U.S. geologists have concluded that Afghanistan, one of the world's poorest countries after 30 years of violence and war, lies atop a bonanza of mineral riches that could transform it into a wealthy nation.
The world class deposits of copper, iron ore and some other fairly exotic minerals have been estimated by the U.S. Geological Survey, which has been working to identify resources in Afghanistan, at more than $1 trillion.
"Turning the potential of Afghanistan's mineral wealth into actual revenue will take years," State Department spokesman PJ Crowley said today. "And mineral extraction faces numerous, but not insurmountable challenges."
American officials have long said that Afghanistan must develop long term sustainable economic sources of income that would provide a larger revenue stream so it can provide government services and security for itself after NATO forces leave.
Under Secretary for Defense Policy Michele Flournoy told a Congressional panel a few weeks ago, "We are working with the Afghan ministries on long-term economic development ... they're very rich in strategic minerals and resources, very rich in agriculture, helping them to develop sustainable long-term sources of income for the nation."
Geologists from the U.S. Geological Survey have been working in Afghanistan for the past couple of years surveying locations across the country and have concluded that it contains vast mineral deposits. A Pentagon task force that has helped to develop Iraq's long term economic viability has been working with Afghan ministries to begin the process of helping them with the expertise some believe could turn Afghanistan into one of the world's most important mining centers.
U. S. Central Command's Gen. David Petraeus described Afghanistan's mineral resources in a radio interview last December with ABC News.
"It has some of the world's remaining unexploited world class deposits of copper, iron ore and some other fairly exotic minerals. And it has some limited natural gas. The estimates of the worth of these deposits are quite substantial," he said.
Petraeus told a Congressional committee three months ago that what makes these deposits valuable is that they are "a couple of the only world-class fields left."
Besides $420 billion worth of iron and $274 billion worth of copper, Afghanistan possesses concentrations of gold with an estimated value of $25 billion, according to USGS.
In addition, there are $81 billion worth of niobium deposits, a mineral used in superconducting materials, and $50 billion worth of cobalt.
Other items that can be mined in sizeable quantities include molybdenum, which is used in high strength steel alloys, asbestos, silver, aluminum, graphite, lapis lazuli and other industrial minerals.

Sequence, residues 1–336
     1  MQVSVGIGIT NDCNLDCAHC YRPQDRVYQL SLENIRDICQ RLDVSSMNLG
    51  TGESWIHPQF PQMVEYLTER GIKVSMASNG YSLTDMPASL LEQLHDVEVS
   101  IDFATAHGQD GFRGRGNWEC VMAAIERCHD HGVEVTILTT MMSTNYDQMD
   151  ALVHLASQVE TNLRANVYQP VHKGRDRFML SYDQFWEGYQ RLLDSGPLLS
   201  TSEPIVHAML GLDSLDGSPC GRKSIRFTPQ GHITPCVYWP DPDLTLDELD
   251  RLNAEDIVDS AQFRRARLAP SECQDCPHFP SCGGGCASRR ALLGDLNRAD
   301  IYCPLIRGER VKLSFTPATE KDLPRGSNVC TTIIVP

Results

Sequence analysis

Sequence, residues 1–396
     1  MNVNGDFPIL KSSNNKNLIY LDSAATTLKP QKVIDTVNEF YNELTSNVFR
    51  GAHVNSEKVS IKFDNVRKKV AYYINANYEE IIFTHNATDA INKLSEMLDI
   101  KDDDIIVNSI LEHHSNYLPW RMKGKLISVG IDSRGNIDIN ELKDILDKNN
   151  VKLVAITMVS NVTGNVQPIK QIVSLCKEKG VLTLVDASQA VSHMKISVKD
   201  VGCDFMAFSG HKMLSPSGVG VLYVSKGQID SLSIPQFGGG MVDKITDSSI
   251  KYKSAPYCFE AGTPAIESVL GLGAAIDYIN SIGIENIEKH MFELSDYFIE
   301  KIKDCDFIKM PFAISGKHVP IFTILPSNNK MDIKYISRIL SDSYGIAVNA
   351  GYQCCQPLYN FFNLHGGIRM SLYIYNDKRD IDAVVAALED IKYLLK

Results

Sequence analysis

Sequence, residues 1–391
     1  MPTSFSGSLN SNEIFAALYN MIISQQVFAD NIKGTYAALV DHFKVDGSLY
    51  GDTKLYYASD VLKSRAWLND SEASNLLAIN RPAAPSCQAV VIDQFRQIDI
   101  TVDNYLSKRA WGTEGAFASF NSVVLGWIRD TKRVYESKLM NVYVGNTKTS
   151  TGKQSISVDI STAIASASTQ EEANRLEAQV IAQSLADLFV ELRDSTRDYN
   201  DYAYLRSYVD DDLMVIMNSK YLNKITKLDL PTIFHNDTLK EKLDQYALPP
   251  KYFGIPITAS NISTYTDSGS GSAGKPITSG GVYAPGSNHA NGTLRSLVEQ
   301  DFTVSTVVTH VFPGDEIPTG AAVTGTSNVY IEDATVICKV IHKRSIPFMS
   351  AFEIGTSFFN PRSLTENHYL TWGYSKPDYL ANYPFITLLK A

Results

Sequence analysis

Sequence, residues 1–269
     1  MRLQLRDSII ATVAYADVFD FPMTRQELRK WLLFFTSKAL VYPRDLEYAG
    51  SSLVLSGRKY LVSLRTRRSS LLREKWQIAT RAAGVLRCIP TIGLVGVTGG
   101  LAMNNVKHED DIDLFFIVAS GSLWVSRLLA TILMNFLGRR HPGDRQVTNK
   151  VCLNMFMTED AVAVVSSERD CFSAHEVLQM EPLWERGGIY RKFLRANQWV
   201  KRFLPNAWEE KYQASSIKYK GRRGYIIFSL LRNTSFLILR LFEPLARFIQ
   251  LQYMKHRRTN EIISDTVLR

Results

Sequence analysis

A Chinese firm recently signed a contract with the Afghan government to develop a copper mine, but given the lack of an infrastructure in Afghanistan and the current security situation, other potential investors are few and far between.
Petraeus describes potential investors as "adventure venture capitalists" because they need "an adventurous spirit to go to venture capitalism in Afghanistan." He added, "These guys have done it in other tough places, and they can see the extraordinary potential that exists. But they also see the extraordinary challenges to getting those minerals or whatever out of the ground and then out to a market because of a lack of infrastructure."
According to Petraeus, "Infrastructure, even as important for us to reestablish security, will then become very important to the Afghan security forces to continue that and, indeed, for the overall country of Afghanistan in the longer term."
The infrastructure challenges are enormous. The Afghan economy does not have the capacity to even begin the mining process and the lack of roads throughout much of the country raises challenges for how to export the mineral wealth that lies under Afghanistan. Beyond the lack of physical infrastructure is an Afghan government that does not have the experience in its ministries to even begin the process of accepting contract offers from potential investors.
The vast potential riches associated with Afghanistan's hidden mineral wealth can be difficult to comprehend, even for Afghan President Hamid Karzai. Last month, during an event at at Washington's U.S. Institute of Peace with Secretary of State Hillary Clinton, Karzai described the value of Afghanistan's mineral resources as being between "$1 to $3 billion."
Aides off-stage corrected him, saying the value was in trillions, not billions. "Yeah, 3 billion," said Karzai, "No, no, 3 trillion," corrected an aide. Laughing, Karzai replied, "Trillion! Yeah, $3 trillion. Trillion, sorry. That's what I meant. Trillion, trillion, yeah. $1 to $3 trillion."